Plaintiffs were awarded nearly $900,000 in attorney's fees. On appeal, Epsilon contends the attorney's fee award must be reversed because it was untimely sought. In the alternative, Epsilon argues that the court abused its discretion in using a multiplier of 1.5 in calculating the award. We do not reach the latter argument. As we conclude plaintiffs' recovery must be reduced in two respects (part of the overtime award, which impacts the waiting time penalties; and the wage statement penalties), we remand to enable the court to exercise its discretion to reconsider the amount of the fee award, should it so choose. However, we briefly address Epsilon's argument that no fees could properly be awarded because the motion seeking them was untimely filed.
A notice of motion for attorney's fees “must be served and filed within the time for filing a notice of appeal under rules 8.104 and 8.108.” (Cal. Rules of Court, rule 3.1702(b)(1).)
California Rules of Court, rule 8.104(a)(1) provides that, unless otherwise extended, the time for filing a notice of appeal is the earliest of: “(A) 60 days after the superior court clerk serves on the party filing the notice of appeal a document entitled ‘Notice of Entry’ of judgment or a filed-endorsed copy of the judgment, showing the date either was served; (B) 60 days after the party filing the notice of appeal serves or is served by a party with a document entitled ‘Notice of Entry’ of judgment or a filed-endorsed copy of the judgment, accompanied by proof of service; or (C) 180 days after entry of judgment.”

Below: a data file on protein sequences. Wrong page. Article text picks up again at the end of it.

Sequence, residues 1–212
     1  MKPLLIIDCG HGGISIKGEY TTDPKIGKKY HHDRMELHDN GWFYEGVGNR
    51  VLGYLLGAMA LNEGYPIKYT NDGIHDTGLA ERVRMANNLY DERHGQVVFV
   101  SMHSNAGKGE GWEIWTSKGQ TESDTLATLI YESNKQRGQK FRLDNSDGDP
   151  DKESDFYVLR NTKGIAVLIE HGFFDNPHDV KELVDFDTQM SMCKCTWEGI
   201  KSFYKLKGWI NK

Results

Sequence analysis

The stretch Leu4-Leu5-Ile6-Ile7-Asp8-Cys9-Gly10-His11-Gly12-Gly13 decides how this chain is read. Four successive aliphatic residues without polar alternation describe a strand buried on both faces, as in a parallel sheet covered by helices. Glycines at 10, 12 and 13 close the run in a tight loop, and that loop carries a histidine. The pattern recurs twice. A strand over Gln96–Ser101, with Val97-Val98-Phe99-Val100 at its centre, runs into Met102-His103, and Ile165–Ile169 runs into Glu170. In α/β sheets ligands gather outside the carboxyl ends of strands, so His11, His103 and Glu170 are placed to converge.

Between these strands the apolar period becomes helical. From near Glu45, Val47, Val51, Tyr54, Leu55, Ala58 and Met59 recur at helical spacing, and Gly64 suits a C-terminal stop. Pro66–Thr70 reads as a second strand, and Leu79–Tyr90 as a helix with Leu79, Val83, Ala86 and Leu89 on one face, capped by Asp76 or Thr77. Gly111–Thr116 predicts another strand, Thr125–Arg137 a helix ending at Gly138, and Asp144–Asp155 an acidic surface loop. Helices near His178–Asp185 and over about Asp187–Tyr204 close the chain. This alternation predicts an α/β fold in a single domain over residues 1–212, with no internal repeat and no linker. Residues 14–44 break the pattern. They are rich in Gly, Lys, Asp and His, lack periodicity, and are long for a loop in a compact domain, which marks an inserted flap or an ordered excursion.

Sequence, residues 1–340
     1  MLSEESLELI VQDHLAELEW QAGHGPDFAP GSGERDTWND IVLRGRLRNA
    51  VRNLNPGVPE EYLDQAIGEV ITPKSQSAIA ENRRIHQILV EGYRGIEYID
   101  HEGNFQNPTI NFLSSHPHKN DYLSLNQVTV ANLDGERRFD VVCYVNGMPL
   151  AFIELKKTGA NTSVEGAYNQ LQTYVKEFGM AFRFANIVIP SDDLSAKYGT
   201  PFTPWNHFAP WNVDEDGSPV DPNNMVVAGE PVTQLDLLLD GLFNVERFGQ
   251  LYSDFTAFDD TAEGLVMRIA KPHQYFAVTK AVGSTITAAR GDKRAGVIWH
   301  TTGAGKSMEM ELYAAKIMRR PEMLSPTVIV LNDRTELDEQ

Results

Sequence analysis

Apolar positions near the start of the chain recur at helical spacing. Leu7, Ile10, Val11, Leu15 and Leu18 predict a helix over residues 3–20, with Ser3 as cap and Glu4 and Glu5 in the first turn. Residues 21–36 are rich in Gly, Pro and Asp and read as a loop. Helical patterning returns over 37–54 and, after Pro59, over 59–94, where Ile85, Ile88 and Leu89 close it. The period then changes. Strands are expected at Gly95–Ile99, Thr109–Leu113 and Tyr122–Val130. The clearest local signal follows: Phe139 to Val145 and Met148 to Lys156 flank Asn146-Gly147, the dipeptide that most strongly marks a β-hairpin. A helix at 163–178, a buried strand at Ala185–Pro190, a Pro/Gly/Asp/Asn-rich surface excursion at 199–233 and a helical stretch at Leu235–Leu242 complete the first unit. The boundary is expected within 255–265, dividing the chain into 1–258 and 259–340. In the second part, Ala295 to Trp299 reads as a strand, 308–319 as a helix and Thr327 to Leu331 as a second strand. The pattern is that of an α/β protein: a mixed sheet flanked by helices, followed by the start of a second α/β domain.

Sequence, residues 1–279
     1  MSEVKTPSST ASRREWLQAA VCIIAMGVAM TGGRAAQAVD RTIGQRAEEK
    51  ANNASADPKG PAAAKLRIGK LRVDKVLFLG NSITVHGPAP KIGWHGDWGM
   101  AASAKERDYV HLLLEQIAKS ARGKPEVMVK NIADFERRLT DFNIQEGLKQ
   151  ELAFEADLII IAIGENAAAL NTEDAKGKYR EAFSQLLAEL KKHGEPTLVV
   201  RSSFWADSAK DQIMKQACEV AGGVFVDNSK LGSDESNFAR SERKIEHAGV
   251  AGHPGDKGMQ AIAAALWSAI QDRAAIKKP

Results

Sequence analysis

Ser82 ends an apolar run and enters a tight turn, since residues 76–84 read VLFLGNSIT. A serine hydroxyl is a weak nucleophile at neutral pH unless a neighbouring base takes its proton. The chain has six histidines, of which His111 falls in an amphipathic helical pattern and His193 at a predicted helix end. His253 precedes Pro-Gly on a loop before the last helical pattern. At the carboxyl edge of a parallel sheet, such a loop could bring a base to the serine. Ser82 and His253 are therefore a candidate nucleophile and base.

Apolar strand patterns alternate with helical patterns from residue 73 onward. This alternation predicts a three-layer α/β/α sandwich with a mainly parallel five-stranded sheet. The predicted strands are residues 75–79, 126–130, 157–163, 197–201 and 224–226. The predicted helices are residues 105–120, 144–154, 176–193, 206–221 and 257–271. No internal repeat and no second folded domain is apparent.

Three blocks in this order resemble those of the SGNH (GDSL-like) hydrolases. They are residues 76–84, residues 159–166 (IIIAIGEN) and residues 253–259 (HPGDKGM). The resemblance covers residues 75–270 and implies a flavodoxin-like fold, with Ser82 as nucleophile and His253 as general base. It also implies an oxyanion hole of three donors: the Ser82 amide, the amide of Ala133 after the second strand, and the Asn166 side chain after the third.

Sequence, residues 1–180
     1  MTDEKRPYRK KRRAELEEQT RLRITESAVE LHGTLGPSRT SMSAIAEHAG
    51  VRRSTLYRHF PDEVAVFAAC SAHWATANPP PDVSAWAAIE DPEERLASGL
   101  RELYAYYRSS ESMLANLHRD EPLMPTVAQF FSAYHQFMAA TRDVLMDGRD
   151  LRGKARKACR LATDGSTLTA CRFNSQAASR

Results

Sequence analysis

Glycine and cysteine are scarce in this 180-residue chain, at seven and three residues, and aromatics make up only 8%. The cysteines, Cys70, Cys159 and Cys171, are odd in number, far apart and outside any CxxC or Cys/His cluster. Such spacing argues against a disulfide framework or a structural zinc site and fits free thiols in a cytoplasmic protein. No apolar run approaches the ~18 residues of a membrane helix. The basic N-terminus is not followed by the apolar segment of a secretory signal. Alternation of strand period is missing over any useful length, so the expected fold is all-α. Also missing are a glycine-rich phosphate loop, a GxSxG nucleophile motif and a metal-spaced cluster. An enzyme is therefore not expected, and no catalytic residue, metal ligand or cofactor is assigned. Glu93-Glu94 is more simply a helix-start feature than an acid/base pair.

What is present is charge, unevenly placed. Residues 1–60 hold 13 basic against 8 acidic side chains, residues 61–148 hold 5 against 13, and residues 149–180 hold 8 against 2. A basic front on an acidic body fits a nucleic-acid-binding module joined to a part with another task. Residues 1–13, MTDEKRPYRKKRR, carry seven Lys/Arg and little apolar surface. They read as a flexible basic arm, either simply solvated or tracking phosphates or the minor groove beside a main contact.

In this case, the signed file-stamped judgment is dated July 26, 2016. On August 10, 2016, plaintiffs served “Notice of Judgment” on Epsilon, attaching a file-stamped copy of the judgment. Sixty days from August 10, 2016 is October 9, 2016. That day is a Sunday. October 10, 2016 was Columbus Day, a state holiday. (Gov. Code, § 6700, subd. (a)(12).) When “the last day for the performance of any act that is required by these rules to be performed within a specific period of time falls on a Saturday, Sunday, or other legal holiday, the period is extended to and includes the next day that is not a holiday.” (Cal. Rules of Court, rule 1.10(b).) The next court day was October 11, 2016. Plaintiffs' motion for attorney's fees was filed on that day. As long as the 60-day period is measured from August 10, 2016, plaintiffs' motion was timely.16